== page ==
About Dr. Abdallah
Contact Dr. Abdallah
Chaouki T. Abdallah is the Executive Vice President for Research (EVPR) at the Georgia Institute of Technology. As a direct report to President G.P. “Bud” Peterson and a member of the president’s cabinet, the EVPR serves as chief research officer for the Institute. This position provides overall leadership for the research, economic development, and related support units within Georgia Tech.
Abdallah began his college career at the Faculté d’ingénierie of the Université Saint-Joseph in Lebanon, then obtained a bachelor of engineering (B.E.) degree from Youngstown State University in 1981, and a M.S. and Ph.D. in electrical engineering from Georgia Tech in 1982 and 1988, respectively. He joined the Electrical and Computer Engineering (ECE) Department at the University of New Mexico (UNM), where he served as professor of electrical and computer engineering. Between 2005 and 2011, Abdallah was the ECE department chair, and he served as provost and executive vice president of academic affairs at UNM from 2011 to 2016. In 2017-18, he served as acting president, interim president, and finally the 22nd president of UNM. On September 1, 2018, he joined Georgia Tech as its EVPR.
Professor Abdallah was the first recipient of the ECE Department’s Lawton-Ellis Award for combined excellence in teaching, research, and student/community. He also received the UNM School of Engineering senior research excellence award in 2004, and was the ECE Gardner-Zemke Professor between 2002 and 2005. He received the 2017 UNM Staff Hero award for his “advocacy for staff during difficult financial times and for his support of Staff Council.”
He has published eight books (three as co-editor and five as co-author) and more than 300 peer-reviewed papers, and generated more than $9 million in external funding. As provost, Abdallah assembled a team to improve student success focusing on underprepared and underrepresented students. Within seven years, under his leadership, UNM increased the first-year retention rate by 8 percent, the four-year graduation rate by 125 percent, the five-year graduation rate by 8 percent, and the six-year graduation rate by 15 percent, while closing the retention-achievement gap and narrowing the graduation-achievement gap. He also shepherded the design and implementation of an honors college that has since increased the number of high-achieving students at UNM by more than 20 percent. In addition, he led the development and implementation of a long-range UNM academic plan and initiatives in 2011.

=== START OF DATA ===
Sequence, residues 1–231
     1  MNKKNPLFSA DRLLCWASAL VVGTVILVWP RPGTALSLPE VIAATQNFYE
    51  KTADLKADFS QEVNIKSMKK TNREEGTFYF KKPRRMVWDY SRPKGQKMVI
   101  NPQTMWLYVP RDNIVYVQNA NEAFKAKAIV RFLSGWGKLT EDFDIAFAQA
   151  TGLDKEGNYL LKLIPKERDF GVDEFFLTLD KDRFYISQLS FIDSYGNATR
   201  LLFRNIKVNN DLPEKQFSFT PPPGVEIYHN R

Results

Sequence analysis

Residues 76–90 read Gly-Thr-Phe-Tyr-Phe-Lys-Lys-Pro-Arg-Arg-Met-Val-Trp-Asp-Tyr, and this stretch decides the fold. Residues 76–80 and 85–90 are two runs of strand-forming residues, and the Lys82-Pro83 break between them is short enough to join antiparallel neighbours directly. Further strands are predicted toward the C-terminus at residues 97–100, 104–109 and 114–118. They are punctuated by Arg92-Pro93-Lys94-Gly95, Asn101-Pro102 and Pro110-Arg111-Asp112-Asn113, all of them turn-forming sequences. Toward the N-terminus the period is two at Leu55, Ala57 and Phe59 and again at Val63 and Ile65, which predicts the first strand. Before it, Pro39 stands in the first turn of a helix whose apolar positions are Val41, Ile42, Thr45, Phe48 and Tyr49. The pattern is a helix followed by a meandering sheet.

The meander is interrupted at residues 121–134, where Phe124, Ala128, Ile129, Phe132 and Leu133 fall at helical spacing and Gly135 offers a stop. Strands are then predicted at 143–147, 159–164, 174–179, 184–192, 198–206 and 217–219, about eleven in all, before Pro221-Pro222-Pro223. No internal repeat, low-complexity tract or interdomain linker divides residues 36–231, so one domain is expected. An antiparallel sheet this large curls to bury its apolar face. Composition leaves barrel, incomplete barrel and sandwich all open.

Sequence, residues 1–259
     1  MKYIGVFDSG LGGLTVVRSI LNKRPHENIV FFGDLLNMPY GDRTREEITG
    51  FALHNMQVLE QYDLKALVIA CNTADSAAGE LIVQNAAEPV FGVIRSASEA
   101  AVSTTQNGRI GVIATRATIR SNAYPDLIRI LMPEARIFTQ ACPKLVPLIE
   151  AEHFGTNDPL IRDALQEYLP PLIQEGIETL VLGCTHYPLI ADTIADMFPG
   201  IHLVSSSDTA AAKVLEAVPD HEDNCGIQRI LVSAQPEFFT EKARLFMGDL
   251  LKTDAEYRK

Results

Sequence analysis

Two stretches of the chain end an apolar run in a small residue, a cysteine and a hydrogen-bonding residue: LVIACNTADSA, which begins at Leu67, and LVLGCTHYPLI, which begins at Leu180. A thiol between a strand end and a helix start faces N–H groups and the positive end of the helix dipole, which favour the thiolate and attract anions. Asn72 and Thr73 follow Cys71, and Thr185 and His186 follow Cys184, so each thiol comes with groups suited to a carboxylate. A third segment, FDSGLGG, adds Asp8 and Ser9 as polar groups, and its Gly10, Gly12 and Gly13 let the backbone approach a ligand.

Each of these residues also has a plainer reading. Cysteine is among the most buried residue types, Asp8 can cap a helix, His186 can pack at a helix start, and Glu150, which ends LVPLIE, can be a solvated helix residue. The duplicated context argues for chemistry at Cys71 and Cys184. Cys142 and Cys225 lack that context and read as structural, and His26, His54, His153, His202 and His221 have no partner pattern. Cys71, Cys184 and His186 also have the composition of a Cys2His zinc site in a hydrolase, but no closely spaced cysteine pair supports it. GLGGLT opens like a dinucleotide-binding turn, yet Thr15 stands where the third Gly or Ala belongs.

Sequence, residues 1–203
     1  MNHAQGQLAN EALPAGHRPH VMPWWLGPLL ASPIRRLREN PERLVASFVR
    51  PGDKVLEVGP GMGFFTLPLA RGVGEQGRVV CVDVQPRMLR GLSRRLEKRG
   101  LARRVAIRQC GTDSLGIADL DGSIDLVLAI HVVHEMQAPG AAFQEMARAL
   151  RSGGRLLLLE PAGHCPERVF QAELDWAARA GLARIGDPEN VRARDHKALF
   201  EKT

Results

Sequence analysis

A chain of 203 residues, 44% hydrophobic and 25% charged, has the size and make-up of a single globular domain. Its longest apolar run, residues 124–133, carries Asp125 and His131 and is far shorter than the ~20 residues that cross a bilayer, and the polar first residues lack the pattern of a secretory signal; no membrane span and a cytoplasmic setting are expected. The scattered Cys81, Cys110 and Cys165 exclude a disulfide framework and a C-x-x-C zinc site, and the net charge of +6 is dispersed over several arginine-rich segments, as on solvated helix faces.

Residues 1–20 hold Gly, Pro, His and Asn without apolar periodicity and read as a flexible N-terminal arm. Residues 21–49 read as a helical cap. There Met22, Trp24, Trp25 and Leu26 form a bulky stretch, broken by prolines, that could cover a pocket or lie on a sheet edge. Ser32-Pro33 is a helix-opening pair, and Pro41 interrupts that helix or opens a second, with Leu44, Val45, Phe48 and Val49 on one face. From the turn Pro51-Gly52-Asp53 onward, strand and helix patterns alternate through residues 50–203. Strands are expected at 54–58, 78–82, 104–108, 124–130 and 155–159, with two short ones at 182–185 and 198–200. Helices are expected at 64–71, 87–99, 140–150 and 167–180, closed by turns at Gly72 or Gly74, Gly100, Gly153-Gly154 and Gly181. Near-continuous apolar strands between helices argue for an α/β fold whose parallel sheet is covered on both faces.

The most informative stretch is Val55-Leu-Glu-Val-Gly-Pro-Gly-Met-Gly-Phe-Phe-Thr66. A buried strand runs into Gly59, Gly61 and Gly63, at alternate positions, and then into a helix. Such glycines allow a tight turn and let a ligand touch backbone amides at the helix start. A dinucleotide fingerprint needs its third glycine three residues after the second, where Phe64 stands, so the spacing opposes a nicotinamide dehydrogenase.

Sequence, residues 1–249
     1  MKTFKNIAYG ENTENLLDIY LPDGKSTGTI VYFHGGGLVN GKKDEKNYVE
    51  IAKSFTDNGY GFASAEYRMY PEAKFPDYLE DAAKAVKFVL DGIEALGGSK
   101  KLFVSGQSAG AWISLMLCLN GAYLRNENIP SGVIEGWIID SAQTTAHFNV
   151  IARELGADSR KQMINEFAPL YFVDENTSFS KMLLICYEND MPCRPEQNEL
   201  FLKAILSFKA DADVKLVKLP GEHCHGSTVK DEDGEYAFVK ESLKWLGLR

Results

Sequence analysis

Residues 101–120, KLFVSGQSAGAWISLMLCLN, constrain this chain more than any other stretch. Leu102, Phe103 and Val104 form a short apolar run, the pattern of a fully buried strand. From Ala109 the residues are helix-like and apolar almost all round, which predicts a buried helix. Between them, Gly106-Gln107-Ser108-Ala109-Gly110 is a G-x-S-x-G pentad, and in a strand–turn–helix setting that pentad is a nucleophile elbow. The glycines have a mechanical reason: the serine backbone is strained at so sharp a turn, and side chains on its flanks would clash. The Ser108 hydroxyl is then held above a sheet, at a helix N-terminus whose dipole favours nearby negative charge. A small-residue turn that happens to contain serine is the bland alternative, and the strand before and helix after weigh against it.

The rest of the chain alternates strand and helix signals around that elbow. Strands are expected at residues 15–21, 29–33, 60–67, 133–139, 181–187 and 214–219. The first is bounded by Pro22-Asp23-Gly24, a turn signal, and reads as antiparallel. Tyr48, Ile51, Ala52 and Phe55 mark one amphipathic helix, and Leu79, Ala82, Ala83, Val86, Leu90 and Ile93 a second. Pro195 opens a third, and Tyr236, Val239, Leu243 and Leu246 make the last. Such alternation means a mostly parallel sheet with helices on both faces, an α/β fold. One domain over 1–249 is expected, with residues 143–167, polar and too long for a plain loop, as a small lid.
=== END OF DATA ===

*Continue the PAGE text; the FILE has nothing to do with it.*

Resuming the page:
Professor Abdallah conducts research and teaches courses in the general area of systems theory with a focus on control, communications, and computing systems. His research has been funded by the National Science Foundation, the Air Force Office of Scientific Research, the U.S. Naval Research Laboratory, national laboratories, and various companies. He served as the general chair of the 2008 CDC, the premier IEEE conference in decision and control. Abdallah, who is fluent in English, French, and Arabic, is a senior member of IEEE and a recipient of that organization’s Millennium Medal.